As Paul reaches out in the letter, he assures the people that we are of the same faith, and the foundations of our faith are rooted in Christ. Paul is saying that the minute details that you have focused on are of no substance, because they are not the foundations of our faith, because the foundations of our faith are what bring us together.  The place that you have lost faith in Paul cannot misdirect you off the foundational part our faith, because our faith is not in Paul, but Christ and Christ alone.  We are connected on the foundation that is Jesus Christ.  And because he was beaten and bruised for our sin and iniquities, because he was placed on a cross, we have been reconciled back to God and we have been granted new life in God.  And because of that new life we will be raised with Christ and be brought into the presence of God.  On this we have commonality, on this we believe, on this is the foundation of our faith.  We must never forget this because this is what we are connected under.  This is what makes us the people of God, connected in community, connected in God’s grace.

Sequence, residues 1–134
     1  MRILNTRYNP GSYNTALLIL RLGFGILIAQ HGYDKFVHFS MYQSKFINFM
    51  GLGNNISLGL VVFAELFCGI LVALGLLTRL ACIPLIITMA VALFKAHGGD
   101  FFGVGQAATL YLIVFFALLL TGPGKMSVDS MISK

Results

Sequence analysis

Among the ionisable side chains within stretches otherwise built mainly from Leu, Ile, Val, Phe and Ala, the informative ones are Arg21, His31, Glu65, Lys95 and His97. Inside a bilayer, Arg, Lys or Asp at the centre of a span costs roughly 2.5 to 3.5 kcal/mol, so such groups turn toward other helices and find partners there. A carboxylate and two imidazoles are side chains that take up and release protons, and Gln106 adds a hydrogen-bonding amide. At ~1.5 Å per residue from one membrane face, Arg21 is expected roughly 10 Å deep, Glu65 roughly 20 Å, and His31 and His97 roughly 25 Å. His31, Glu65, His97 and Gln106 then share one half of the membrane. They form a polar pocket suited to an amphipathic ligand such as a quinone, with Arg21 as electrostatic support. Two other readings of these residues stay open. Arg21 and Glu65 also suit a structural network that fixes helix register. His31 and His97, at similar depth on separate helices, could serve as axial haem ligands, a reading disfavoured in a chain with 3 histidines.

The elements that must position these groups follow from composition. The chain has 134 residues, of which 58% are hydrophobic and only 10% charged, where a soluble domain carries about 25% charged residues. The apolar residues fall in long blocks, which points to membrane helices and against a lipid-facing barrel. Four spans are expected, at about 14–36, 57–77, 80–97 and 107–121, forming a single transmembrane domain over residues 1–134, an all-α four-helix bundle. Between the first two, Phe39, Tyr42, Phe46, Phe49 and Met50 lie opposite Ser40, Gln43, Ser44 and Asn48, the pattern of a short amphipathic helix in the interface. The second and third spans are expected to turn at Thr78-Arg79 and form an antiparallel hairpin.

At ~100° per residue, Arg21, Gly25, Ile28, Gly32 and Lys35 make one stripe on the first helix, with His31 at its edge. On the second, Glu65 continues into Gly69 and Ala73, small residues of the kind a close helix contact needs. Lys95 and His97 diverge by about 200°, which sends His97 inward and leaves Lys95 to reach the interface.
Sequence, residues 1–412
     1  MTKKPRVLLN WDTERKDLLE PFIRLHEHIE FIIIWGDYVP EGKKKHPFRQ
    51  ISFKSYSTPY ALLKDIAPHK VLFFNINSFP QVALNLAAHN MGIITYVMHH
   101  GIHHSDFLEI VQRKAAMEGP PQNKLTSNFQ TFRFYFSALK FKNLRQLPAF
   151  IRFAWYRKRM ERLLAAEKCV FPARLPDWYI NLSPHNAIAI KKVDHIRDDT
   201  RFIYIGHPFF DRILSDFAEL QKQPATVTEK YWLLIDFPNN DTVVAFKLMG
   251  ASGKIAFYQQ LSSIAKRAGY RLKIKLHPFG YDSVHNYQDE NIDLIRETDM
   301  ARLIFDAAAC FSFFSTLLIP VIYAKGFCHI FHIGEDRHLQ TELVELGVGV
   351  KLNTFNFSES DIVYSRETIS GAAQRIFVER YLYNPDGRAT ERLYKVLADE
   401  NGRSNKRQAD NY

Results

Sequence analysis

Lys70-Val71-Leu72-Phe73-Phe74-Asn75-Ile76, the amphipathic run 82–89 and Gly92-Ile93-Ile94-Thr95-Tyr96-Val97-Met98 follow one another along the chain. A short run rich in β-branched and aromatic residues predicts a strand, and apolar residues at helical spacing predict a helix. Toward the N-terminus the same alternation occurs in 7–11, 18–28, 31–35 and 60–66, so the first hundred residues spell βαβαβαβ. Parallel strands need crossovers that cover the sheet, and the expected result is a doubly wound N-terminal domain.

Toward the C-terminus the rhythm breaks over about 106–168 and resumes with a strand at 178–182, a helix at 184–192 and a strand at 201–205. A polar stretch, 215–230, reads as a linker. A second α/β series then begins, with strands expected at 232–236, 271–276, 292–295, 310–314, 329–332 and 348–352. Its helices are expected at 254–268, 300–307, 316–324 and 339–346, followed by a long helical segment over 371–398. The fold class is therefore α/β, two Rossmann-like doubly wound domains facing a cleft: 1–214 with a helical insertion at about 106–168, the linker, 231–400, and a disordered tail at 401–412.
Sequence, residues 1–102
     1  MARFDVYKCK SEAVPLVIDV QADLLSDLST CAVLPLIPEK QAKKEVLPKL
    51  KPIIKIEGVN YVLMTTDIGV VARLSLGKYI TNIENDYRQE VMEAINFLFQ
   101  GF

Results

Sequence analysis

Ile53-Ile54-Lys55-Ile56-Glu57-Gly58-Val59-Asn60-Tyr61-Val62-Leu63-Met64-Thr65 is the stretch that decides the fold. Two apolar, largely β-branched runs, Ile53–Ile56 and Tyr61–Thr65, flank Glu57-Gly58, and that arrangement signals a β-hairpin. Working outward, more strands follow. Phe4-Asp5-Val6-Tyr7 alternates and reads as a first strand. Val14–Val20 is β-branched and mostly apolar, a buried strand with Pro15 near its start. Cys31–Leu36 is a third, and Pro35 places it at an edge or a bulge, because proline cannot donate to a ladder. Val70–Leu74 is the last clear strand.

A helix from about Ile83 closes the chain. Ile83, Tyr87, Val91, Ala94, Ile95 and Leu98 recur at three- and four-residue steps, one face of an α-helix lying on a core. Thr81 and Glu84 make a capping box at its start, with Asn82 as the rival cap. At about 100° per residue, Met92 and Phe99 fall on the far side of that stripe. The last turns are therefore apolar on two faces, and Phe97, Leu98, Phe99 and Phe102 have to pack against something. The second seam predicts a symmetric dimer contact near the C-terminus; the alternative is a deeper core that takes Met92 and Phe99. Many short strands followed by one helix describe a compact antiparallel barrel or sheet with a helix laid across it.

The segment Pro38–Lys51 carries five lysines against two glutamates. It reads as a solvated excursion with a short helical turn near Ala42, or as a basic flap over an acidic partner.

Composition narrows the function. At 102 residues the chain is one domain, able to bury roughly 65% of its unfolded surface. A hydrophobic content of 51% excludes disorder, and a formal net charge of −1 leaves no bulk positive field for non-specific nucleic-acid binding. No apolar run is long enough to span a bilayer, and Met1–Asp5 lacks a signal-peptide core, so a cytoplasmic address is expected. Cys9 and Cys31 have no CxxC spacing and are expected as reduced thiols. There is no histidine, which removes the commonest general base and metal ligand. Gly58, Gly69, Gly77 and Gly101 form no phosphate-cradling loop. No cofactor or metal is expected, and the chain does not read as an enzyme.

III. Learnings From Paul